Malone Petroleum Consulting



Oil and Gas Department Job Functions

Recommendations for Operating Agreements

We recommend to any and all Non-Operators, and Operators in a Non-Operator status that the following must be inserted at the end of all operating agreements for properties operated by other operators:

Any joint interest review report will be resolved within sixty (60) days by binding arbitration in accordance with the Commercial Arbitration rules of the American Arbitration Association if: 1) The report is not answered by the Operator within one year. 2) The report is not resolved within two years. Each party is responsible for their own arbitration costs. This need is due to A VERY LIMITED NUMBER of Operators have adopted unwritten policies: To overcharge since most investors will not or cannot afford to sue. To make scope limitations, e.g., charges under $1,000 are considered to be immaterial, in order to make unauthorized charges to the Joint Account. To not answer any reports. To answer reports only when pressured. To deny all or most exceptions. To deny any high-dollar or complicated exception. To attempt to make extra profits on Non-Operators (exception hereby is taken). To delay the review process until forgotten. To never resolve reports (even major oil companies). To agree to credits, but never pass them. To not negotiate in good faith during legal mediations.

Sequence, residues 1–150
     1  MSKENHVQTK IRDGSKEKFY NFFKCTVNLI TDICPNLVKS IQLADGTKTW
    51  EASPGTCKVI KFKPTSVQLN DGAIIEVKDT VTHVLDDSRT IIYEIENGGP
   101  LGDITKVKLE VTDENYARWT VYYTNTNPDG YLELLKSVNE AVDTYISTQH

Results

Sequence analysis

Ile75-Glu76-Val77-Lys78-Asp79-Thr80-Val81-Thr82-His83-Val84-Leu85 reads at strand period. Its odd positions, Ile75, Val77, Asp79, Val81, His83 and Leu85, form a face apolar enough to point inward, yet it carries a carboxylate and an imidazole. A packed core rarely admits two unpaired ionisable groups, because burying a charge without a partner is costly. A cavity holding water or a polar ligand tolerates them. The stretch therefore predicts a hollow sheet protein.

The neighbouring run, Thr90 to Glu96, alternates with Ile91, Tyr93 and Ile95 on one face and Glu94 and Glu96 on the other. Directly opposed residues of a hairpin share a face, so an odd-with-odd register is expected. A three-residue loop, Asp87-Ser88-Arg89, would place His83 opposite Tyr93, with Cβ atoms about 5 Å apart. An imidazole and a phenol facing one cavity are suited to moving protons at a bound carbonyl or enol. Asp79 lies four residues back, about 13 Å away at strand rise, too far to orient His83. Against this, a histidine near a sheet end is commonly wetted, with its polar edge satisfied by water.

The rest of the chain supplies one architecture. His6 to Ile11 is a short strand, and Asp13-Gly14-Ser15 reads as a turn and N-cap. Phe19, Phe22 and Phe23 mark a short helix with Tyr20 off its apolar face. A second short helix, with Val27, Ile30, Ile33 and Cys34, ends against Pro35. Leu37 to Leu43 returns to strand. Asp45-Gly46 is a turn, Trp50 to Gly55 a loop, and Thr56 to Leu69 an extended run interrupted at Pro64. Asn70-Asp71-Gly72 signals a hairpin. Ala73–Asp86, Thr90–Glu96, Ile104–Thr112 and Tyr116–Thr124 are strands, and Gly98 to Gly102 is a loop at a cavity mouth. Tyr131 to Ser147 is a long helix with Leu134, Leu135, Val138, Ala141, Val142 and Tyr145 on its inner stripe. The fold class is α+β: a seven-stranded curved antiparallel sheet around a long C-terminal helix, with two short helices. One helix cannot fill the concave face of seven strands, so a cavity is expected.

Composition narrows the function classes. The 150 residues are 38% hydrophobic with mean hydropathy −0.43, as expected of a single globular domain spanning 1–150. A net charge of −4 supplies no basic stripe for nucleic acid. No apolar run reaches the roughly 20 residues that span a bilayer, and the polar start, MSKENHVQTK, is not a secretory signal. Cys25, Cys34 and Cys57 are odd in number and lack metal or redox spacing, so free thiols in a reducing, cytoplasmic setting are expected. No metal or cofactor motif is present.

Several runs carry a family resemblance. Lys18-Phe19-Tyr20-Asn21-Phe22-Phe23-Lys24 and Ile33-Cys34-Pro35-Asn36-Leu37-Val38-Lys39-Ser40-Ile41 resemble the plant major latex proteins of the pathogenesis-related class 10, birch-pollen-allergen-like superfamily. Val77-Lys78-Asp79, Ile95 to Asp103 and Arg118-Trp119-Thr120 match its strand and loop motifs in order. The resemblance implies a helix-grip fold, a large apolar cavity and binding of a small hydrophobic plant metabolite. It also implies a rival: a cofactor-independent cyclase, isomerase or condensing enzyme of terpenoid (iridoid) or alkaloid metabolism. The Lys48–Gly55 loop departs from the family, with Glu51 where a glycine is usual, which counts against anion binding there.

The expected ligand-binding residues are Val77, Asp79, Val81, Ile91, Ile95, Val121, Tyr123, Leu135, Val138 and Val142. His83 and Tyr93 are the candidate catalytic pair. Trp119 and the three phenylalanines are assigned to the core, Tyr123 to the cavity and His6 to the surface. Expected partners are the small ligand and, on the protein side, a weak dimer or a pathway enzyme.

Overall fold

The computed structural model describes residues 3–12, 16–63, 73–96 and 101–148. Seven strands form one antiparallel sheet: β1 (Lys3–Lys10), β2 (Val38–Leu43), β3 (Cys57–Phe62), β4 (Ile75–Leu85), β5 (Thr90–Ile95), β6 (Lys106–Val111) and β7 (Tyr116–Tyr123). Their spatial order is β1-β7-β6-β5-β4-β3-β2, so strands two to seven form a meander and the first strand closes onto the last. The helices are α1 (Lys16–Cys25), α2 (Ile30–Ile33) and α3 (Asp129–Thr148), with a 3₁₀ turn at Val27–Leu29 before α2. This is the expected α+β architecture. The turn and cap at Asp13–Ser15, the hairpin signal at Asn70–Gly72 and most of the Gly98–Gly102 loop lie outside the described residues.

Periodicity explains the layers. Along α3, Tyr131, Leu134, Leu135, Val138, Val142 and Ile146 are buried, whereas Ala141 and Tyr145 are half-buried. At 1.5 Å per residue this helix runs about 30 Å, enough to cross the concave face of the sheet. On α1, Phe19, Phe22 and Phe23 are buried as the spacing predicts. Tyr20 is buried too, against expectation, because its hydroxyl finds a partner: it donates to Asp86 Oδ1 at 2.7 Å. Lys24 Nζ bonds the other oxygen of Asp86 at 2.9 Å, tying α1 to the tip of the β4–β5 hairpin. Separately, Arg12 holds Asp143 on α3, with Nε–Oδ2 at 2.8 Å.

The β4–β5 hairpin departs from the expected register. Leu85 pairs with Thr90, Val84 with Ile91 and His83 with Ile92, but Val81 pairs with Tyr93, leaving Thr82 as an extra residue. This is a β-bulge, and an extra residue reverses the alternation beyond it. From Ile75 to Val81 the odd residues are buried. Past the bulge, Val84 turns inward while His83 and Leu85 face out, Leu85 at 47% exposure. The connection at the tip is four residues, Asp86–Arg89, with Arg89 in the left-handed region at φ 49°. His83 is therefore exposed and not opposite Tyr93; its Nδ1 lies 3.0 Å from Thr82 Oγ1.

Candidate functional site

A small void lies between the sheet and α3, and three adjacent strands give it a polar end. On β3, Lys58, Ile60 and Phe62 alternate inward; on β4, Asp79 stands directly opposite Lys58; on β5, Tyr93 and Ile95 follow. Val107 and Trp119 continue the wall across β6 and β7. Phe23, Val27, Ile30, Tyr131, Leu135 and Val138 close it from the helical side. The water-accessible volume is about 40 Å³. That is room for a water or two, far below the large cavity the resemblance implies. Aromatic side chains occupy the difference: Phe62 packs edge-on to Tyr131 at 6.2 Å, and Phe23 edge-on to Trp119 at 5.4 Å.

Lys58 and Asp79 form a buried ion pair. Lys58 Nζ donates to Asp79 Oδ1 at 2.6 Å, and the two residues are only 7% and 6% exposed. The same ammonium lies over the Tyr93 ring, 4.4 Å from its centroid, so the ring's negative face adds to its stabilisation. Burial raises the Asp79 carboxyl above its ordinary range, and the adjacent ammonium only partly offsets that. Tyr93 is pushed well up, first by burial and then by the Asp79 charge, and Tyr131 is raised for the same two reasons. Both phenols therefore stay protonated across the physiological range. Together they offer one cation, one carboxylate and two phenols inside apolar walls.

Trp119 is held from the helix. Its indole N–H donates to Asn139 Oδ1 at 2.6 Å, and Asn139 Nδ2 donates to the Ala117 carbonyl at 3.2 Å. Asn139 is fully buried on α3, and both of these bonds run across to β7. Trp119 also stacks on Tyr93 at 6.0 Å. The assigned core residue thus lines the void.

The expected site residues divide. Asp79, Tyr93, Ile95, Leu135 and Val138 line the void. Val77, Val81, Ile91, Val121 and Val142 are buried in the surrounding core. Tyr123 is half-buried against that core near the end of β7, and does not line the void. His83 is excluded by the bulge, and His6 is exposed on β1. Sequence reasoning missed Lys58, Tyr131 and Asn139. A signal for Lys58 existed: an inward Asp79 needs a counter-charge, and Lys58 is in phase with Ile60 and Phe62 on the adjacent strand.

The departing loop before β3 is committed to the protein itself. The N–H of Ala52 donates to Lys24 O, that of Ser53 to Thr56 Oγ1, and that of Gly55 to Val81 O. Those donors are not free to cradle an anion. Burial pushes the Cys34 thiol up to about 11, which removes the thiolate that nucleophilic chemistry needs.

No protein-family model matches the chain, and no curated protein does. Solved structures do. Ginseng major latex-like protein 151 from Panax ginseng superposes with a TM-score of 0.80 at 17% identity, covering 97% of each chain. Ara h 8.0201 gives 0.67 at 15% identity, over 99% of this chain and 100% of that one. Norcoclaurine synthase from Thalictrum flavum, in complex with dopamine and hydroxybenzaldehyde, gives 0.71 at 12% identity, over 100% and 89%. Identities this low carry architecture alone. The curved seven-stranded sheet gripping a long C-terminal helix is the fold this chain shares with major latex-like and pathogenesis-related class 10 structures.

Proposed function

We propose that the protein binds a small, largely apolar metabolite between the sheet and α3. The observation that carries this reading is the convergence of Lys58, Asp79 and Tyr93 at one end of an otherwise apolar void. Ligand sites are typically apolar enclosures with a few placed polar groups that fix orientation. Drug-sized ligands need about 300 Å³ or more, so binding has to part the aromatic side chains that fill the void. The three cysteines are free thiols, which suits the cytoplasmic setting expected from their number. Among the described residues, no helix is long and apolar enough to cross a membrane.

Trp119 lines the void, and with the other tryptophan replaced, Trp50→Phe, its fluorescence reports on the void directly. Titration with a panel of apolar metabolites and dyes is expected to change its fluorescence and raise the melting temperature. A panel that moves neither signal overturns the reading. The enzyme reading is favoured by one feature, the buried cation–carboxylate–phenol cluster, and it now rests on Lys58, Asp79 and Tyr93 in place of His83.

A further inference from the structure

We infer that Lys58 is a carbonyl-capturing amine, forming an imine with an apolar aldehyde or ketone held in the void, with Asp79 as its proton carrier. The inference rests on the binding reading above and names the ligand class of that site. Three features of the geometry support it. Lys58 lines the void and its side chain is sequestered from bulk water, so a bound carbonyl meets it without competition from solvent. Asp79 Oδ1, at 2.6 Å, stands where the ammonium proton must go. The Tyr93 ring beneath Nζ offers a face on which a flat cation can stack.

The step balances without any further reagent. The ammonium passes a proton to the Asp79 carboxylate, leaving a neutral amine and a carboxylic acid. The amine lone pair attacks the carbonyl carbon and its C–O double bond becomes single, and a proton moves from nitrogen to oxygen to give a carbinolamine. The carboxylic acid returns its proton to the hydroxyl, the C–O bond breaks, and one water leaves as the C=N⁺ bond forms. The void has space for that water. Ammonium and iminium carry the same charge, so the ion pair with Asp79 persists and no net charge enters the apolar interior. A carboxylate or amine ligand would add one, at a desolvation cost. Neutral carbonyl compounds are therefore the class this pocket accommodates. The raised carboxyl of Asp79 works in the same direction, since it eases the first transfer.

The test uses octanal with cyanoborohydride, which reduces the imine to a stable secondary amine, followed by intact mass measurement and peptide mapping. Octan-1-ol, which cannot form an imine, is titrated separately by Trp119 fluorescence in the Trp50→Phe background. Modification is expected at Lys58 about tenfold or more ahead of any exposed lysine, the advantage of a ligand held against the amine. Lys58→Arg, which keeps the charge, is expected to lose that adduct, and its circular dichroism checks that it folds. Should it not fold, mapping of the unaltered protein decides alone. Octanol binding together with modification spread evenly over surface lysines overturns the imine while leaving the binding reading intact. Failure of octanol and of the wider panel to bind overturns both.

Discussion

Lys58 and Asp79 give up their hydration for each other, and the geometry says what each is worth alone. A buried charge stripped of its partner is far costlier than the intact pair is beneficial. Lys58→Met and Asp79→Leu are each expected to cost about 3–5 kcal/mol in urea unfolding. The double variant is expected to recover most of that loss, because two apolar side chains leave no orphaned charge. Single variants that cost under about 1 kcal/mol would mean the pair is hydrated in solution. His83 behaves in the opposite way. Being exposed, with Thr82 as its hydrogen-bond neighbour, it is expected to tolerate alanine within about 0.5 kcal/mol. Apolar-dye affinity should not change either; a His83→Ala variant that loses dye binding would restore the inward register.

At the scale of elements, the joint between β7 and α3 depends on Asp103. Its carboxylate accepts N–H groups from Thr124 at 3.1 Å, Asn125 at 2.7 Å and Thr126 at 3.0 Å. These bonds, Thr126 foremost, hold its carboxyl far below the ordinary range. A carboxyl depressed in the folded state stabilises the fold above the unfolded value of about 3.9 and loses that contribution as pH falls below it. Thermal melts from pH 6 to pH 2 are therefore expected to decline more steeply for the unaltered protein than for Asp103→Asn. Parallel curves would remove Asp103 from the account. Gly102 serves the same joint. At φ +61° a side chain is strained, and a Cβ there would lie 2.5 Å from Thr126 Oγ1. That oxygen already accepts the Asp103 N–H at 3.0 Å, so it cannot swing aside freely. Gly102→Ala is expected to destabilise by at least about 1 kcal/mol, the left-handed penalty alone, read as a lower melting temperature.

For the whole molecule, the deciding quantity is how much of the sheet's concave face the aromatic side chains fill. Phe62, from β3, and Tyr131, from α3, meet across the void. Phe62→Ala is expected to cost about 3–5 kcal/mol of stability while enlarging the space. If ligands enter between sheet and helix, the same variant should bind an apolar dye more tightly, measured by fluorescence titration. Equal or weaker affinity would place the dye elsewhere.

With the adoption of this phraseology, the Non-Operator will observe an increase in the number of exceptions granted in most reports. This will also help preclude potential lawsuits that are both expensive and ruin excellent working relationship.

If any investor has a large working interest, they should consider obtaining their own comparative bids for: location, rig, equipment, tubulars, frac charges and any other extremely-large, AFE-proposed charges. This is to assure that the forthcoming charges from an operator are not inflated. Also, after an investor has paid an operator for large joint interest billing charges, he should consider requesting documentation from an operator which proves that the largest charges have been paid: otherwise, the investor risks paying the charges twice if an operator goes out of business without paying the vendors who can put a lien on the well. Also, larger discounts might not have been received since some vendors will allow the operator a year to pay e.g., on a $250,000 frac job. This allows an operator use of the investor's money, interest free for a year.

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